When we make your decisions based on other people’s opinions, two things tend to happen. We make unexamined choices. There are many of us out there who studied for a degree we regret or even spend our lives pursuing a career we regret. Whether we are seeking parental approval or pursuing pay and prestige over passion, making poor life choices are decisions that will live with us until we wake up.

We also may fail to uphold our mores. When we get too caught up in what our boss thinks of us, how much money we think our spouse needs to be happy, or how inept we will look if we fail, we are at risk of violating our own mores. Our intense desire to make ourselves look good compromises our ability to stay true to our aspirations and, ultimately, to realize equanimity.

Lǎozi said, “If we seek for the approval of others, we become their prisoner.” The best way to avoid falling victim to the opinions of others is to realize that other people’s opinions are just that — opinions, and that our own opinions are just that — opinions. Regardless of how great or terrible we think we are, that is only our opinion. Our true self-worth comes from realizing our true selves.

2. We wish we hadn’t worked so rigidly
Working rigidly maybe is a prodigious way to impact the world, to learn, to grow, to feel accomplished, and sometimes even to find happiness, yet this becomes a problem when we do so at the expense of the people closest to us. Ironically, we often work hard to make money for the people we care about without realizing that they value our company more than money.

The key is to find a balance between doing what we love and being with the people we love. Otherwise we will look back one day and wish we had focused more on the latter.

3. We wish we had expressed their feelings openly
We are taught as children that emotions are dangerous and that they must be bottled up and controlled. This usually works at first and boxing up our feelings causes them to grow until they erupt. The best thing we can do is to put our feelings directly on the table. Though it’s painful to initiate, this forces us to be honest and transparent with ourselves and others.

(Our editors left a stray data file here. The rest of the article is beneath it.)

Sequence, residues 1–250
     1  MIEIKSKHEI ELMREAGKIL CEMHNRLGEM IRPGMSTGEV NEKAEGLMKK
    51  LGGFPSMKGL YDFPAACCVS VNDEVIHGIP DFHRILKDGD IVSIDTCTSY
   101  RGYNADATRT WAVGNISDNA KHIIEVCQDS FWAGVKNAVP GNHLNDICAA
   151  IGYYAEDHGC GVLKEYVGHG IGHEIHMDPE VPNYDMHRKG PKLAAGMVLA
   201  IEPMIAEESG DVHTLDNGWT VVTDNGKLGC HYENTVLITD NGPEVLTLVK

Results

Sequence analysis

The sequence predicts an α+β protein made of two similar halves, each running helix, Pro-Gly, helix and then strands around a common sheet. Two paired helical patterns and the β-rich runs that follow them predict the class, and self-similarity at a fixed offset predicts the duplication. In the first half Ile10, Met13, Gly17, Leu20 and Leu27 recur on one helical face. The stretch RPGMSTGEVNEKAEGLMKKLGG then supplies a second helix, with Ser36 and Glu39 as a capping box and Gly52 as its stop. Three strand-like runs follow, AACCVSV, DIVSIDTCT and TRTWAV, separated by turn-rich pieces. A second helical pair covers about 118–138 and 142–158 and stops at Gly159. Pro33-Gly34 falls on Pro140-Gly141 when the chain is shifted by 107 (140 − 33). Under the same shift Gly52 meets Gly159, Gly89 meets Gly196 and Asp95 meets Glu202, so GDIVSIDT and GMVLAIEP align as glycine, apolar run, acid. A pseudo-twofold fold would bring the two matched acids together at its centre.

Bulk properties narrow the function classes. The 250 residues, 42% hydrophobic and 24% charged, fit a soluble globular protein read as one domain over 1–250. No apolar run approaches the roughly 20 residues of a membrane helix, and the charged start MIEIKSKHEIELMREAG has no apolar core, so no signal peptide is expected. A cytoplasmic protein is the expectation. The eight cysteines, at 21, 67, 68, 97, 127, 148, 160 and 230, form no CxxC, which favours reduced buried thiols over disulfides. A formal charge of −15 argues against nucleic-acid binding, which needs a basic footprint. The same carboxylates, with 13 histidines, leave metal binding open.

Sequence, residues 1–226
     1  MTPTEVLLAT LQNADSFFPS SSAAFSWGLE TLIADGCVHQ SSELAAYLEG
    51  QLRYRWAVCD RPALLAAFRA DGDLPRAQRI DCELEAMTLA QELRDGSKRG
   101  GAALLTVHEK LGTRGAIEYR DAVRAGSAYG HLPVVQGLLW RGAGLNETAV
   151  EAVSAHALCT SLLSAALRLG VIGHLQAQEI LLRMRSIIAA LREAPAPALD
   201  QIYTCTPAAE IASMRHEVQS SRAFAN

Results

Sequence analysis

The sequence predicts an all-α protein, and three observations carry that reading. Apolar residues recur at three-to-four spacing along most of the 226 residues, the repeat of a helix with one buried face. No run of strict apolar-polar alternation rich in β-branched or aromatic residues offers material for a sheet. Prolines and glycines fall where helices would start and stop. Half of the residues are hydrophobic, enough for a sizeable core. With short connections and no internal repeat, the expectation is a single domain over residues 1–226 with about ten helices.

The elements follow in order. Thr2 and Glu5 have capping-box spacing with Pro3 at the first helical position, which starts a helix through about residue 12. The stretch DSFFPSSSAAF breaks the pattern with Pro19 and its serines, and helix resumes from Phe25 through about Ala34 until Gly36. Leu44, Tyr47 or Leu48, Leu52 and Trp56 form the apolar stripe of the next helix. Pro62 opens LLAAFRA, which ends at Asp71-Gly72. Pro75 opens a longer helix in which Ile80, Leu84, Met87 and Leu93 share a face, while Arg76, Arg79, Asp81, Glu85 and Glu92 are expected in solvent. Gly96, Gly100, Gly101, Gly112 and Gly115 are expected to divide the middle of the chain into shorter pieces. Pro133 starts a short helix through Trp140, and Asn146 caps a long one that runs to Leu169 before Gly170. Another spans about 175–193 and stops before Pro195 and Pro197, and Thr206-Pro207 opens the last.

4. We wish we had stayed in touch with our friends
When we get caught up in our weekly routine, it is easy to lose sight of how important people are to us, especially those we must make time for. Relationships with old friends are among the first things to fall off the table when we’re busy. This is unfortunate because spending time with friends is a major stress buster. Close friends bring us energy, fresh perspectives, and a sense of belonging, in a way that no one else can.

5. We wish we had allowed ourselves to be content
When our life is about to end, all the difficulties we have faced will suddenly become trivial compared to the good times. This is because we realize that, often, dis-satisfaction is a choice. Unfortunately, most of us realize this far too late.

Although we all inevitably experience pain, how we react to our pain is completely under our control, as is our ability to experience joy. Learning to laugh, smile, and be content (especially when stressed) is a challenge at times, but it’s one that’s worth every ounce of effort.

Bringing it all together
Some decisions have repercussions that can last a lifetime. Most of these decisions are made daily, and they require focus and perspective to keep them from haunting us. So, how do we address our lives in this moment? What can we do, starting right this very moment to change our direction? Years ago, when my mother was diagnosed with spinal cancer, I began to investigate this, so that I might share it with my family as well as transforming the way I experience the world. They are essentially five precepts for living, they were derived from the teachings of Frank Ostaseki from his early CDs I listened to when my mother was dying from spinal cancer. Frank founded the Zen Hospice Project and has recently published his first book, the Five Invitations, which I highly recommend. The first precept is: